The 55th session of the Munich Conference on Security, one of the most important annual international gatherings dealing with security policies worldwide, started on Friday evening with the participation of dozens of leaders and dignitaries.
German Chancellor Angela Merkel, with 35 heads of state and government, 80 ministers of defense and foreign affairs and 600 security policy experts around the world, described the session as the largest and most important since the Munich Security Conference was established. Of 50 years.
The two-day conference, which includes dozens of events, includes discussions among leading government leaders, led by German Chancellor Angela Merkel, President Abdel Fattah El-Sisi, US Vice President Mike Bens and Russian Foreign Minister Sergei Lavrov, and is expected to discuss growing instability at the global level.
The president of the Munich Conference on Security Policy, Wolfgang Ischinger, called on everyone to listen to the voice of reason to provide the political will to resolve conflicts both in Europe and the rest of the world, expressing concern about the decline of confidence and fueling conflicts.
At the opening of the 55th session of the Munich Conference on Security Policy, Ischinger pointed to a change of power as the free liberal world is on the edge of the abyss, calling on leaders to take greater responsibility for undermining the foundations of institutions built over decades and about conflicts leading to the collapse of the regime Free.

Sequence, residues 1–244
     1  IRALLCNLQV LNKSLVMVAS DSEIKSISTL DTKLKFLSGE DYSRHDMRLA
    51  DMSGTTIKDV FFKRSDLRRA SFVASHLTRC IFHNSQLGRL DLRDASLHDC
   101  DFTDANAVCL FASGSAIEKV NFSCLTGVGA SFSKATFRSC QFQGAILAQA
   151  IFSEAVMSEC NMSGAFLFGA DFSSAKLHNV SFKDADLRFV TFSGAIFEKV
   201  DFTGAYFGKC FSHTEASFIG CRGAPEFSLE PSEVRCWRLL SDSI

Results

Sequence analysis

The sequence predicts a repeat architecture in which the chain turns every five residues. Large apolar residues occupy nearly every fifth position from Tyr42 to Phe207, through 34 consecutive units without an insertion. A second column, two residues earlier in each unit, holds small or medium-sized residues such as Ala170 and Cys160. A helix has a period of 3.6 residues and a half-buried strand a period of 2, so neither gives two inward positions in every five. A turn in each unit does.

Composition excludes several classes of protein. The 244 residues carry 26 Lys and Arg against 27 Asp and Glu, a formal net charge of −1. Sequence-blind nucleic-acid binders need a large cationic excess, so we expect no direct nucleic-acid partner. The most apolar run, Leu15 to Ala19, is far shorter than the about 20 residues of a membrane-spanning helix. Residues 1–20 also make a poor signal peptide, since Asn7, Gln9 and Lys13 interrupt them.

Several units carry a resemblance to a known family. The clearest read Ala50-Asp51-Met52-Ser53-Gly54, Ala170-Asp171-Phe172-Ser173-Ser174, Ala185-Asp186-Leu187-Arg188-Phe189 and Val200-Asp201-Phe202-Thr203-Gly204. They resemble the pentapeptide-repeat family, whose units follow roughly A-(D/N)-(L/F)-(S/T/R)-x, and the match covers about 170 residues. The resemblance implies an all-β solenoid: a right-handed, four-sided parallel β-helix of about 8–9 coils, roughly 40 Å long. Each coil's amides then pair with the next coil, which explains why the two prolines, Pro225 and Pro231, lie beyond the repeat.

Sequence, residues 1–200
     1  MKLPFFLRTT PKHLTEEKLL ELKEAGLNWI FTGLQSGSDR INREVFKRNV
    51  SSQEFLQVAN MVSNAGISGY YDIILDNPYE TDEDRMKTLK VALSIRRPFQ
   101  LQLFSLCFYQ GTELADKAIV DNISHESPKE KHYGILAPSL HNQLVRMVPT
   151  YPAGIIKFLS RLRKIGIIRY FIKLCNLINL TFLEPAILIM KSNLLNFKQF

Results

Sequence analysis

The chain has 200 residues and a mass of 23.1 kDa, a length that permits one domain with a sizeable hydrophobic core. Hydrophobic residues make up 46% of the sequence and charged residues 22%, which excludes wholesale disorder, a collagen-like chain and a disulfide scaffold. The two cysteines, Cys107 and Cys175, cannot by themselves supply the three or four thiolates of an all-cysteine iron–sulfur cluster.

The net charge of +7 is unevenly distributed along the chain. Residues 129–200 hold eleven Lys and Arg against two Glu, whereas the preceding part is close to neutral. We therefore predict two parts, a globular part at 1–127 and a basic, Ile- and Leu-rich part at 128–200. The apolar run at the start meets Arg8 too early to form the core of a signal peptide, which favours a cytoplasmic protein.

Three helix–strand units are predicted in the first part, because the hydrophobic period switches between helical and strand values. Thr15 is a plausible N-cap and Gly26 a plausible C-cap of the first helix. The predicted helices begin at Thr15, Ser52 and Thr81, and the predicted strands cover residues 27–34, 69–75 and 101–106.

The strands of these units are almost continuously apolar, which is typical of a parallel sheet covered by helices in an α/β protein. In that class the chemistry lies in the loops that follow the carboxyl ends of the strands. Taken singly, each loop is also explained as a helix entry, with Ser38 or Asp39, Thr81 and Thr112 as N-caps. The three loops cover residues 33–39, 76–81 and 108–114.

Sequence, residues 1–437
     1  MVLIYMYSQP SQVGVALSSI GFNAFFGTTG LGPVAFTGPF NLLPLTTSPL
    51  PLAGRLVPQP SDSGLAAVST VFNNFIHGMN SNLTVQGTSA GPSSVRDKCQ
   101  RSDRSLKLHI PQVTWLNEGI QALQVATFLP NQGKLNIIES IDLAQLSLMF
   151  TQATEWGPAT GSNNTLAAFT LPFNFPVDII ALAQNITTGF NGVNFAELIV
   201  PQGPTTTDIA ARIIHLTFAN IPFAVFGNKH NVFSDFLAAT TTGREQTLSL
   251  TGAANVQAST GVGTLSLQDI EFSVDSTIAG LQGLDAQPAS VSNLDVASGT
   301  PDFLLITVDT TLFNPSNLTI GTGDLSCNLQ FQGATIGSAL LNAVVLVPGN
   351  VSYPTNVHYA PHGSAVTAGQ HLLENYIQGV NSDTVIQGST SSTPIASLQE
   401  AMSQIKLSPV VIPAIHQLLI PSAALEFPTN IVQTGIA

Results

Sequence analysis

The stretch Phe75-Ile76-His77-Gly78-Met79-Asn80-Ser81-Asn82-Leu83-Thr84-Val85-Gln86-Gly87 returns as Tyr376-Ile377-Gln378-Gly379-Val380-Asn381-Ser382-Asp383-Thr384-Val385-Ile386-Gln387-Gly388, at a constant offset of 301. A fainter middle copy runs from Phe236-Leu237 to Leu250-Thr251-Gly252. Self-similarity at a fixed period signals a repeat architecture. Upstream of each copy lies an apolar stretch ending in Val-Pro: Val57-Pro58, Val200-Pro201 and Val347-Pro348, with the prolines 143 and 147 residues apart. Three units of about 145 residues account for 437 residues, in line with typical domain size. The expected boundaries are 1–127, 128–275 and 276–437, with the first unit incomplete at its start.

Earlier, Ischinger said there was a new era of competition for superpowers between the United States, China and Russia, accompanied by a void of leadership in what became known as the international liberal system.
“The Munich Security Conference is a place where ideas can be tested, alliances formed and preparations are being made to move forward with peace processes or to start engaging,” Ischinger, who served as Germany’s ambassador to the United States, said in a report on the conference. In peace efforts.
Ischinger has been chairing the conference for years, overseeing dozens of closed meetings between delegations, no less important than the public policy ceremonies in major hotel halls, and such meetings have made the conference first and foremost a forum for decision-making.
This year is marked by the participation of the largest US delegation ever, including Vice President Mike Bens, Foreign Secretary Mike Pompeo, Defense Minister Patrick Shanahan and Speaker of the House of Representatives Nancy Pelosi, which raises the hope that Washington is looking for ways beyond the Twitter diplomacy launched by President Donald Trump.
The Munich Security Conference of 2019 issued a report this week in which he stressed that the world is in crisis, and that the United States, further deterioration of things. However, at least one of the major sources of instability is clear.
President Trump’s administration in Washington has shown little interest in adhering to international conventions, and his tweets have been openly questioned in institutions such as NATO and the United Nations. Worse still, the United States under the leadership of President Trump, Trump seems ready to give up its leading role in what is still known as the free world.